But the two Tenets I have found most useful, and what I find myself relying on more and more today, are Perseverance and Indomitable Spirit. So these are the two I wanted to take a closer look at.

When I was training I would literally spend hours upon hours on the same techniques. In the lower belts one is simply learning the techniques, but from Black Belt on, one is learning to PERFECT the techniques. What is the perfect body motion, the perfect reaction time, the perfect body position, pivot angle, power generation stance, head position, center of gravity location, leg and hip positions and rotations, the list is long. And as I would deconstruct the techniques down to their component parts, and then reconstruct them into lightning fast, smooth motions, a level of self mastery set in. It isn't an accident that the word "art" is used in "martial art". That perseverance to simply execute the "perfect technique", the striving for that "perfect expression" not only made me a great martial artist and fighter, but more importantly taught me one of the most vital lessons of my life. Never give up. Persevere!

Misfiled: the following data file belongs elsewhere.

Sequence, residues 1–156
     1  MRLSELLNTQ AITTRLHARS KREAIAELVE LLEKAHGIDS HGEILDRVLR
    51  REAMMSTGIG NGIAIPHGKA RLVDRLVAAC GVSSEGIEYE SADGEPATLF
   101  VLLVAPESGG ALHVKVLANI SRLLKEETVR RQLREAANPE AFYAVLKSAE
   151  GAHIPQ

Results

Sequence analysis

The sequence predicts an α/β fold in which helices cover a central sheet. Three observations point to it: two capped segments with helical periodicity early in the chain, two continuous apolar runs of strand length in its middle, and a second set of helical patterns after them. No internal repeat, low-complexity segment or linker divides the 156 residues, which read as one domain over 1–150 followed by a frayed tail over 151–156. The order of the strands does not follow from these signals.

This aspect of persevering was also ever present in each rank test as I moved up in belt. Rank tests were filled with challenges and fear to overcome. Standing in front of a room full of people, both peers, fellow students, instructors, and the ever dreaded "Masters" table in the front of the room. Having to do forms alone or in pairs in front of all these people can be nerve racking. But as I progressed in my art I found my training took over more and more and there was much less "Thinking". "Action" began to simply "take over". In fact the truest expression of the martial arts has no thinking in it at all.